As much as I cannot wait for this school year to end so that we can all move on, change is still change, and takes some adjustment.

Wednesday, July 18, 2012

28 Tammuz

In honor of my Hebrew birthday, Raphaela woke me up at four am instead of her usual five-ish.  It was promised that the heat in Jerusalem would reach a smothering high of 39 degrees Celsius, and the US dollar exchange rate hit its own personal high of four NIS.

Sunday, July 15, 2012

For those in my generation who grew up with the ecclectic gender-bending record, Free To Be You and Me, you will appreciate this Raphaela annectode:

We were listening this afternoon to the Carol Channing piece entitled "Housework," essentially a diatribe against the media and  house cleaning, and Raphaela turned to me with an expression of extreme irritation and said, "But I don't want to buy any soap or detergent!"

Out of the Mouth of Babes

On Shabbat, when Raphaela and I were playing her new favorite game, Peter and the Wolf, Raphaela looked at me with a very serious face and said, "The wolf ate E." 

In case you have not read recent postings, E is the boy who has been bullying her and other children at Gan since the beginning of the year.  As an adult, I totally understand and even admire her efficient solution to the problem. 

However, holding back my laughter, I explained that it would make everyone very sad if the wolf ate a boy or a girl, and that people are not tasty.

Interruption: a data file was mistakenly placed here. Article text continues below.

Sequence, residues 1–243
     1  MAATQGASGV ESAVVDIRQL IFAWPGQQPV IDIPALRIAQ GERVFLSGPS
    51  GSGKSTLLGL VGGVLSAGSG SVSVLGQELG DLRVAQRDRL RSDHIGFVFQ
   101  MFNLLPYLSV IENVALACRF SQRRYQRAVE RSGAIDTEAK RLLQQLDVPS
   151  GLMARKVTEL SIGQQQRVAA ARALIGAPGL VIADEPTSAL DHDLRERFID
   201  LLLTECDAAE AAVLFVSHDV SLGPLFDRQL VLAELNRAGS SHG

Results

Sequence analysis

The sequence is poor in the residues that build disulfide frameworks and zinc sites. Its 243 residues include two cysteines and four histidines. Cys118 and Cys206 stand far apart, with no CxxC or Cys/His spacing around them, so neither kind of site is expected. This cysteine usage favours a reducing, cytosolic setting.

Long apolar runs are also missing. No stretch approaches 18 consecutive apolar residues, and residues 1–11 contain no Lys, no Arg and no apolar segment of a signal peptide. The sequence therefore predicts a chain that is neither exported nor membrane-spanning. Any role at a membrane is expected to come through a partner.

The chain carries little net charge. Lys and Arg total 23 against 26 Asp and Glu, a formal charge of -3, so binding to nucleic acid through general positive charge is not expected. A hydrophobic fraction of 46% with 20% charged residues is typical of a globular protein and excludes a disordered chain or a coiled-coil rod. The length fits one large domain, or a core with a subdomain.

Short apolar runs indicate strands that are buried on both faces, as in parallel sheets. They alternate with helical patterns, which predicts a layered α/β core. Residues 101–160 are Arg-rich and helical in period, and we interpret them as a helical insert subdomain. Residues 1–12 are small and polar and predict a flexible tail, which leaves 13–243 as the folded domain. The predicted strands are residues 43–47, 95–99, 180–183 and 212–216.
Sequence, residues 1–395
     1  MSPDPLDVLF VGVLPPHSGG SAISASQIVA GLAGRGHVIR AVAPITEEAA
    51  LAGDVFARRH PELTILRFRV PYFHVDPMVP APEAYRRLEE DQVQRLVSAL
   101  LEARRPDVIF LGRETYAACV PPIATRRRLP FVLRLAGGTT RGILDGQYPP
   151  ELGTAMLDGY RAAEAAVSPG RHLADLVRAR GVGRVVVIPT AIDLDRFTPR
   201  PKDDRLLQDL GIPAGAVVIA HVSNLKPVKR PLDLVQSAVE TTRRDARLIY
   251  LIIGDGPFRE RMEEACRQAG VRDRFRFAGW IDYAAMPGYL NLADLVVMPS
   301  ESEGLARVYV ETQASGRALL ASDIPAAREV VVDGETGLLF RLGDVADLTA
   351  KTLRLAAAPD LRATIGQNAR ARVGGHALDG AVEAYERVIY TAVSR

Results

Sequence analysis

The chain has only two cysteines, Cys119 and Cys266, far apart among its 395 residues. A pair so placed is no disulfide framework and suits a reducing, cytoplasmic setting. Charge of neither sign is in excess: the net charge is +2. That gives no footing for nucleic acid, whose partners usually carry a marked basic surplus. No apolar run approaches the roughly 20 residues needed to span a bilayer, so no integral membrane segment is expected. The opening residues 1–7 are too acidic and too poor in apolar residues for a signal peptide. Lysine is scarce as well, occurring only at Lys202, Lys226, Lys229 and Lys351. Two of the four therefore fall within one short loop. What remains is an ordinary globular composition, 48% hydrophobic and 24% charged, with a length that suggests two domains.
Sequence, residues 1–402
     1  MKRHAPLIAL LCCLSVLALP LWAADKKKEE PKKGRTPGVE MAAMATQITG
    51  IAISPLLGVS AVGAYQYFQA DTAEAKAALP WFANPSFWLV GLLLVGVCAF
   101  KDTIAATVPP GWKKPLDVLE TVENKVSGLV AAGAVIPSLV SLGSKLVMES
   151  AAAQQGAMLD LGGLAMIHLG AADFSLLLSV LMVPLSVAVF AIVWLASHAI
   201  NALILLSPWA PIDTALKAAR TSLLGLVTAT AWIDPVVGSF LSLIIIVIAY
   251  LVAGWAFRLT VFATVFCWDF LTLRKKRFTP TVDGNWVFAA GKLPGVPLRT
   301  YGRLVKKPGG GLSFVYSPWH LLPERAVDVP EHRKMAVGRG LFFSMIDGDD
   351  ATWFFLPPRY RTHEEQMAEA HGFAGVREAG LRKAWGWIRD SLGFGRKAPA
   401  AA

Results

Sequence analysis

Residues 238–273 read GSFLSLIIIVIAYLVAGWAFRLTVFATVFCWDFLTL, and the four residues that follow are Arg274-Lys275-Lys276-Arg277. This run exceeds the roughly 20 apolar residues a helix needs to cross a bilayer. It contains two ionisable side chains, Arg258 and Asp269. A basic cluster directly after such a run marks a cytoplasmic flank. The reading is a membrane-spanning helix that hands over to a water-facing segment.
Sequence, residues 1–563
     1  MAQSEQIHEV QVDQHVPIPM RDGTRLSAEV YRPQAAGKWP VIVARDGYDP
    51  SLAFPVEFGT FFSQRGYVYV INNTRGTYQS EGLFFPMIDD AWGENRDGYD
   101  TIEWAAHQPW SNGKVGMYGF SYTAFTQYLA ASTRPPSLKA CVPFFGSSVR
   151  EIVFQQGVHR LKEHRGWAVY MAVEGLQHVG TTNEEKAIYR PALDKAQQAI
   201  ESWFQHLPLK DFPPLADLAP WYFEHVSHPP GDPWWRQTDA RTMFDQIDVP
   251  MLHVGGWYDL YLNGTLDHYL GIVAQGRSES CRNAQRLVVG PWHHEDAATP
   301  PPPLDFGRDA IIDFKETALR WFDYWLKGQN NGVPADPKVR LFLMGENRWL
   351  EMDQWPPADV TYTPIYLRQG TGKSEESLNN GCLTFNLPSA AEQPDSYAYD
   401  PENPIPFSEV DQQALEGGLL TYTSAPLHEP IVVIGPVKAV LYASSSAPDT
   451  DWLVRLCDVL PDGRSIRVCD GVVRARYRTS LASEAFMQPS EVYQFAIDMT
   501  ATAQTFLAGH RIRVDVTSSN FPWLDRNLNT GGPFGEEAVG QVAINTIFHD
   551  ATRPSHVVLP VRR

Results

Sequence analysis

Friday, July 13, 2012

The Rights of the Non Father

Very often, people will ask me questions about the process at Hadassah Hospital and their affiliation with the sperm bank, run by the very capable and discrete Ruth.  Inevitably, the follow up question is some version of, "Do you want another child, and can you use the same donor, so that Raphaela and her sibling will be related?'

The Israeli High Court of Justice may soon make a ruling that will define that critical issue in fertility treatments;  since Israel is on the cutting of fertility technology, they also tend to deal with cases that will set precedent for all the globe.

An Israeli woman currently living in the States bought all the 'product' of a particular donor, so that her daughter may have a sibling who is biologically related.  The donor, having become more religious since making the deposit, has decided that he does not want to father any other children anonymously, and has demanded that the sperm bank destroy whatever is left, despite the fact that the woman paid for it and technically owns it.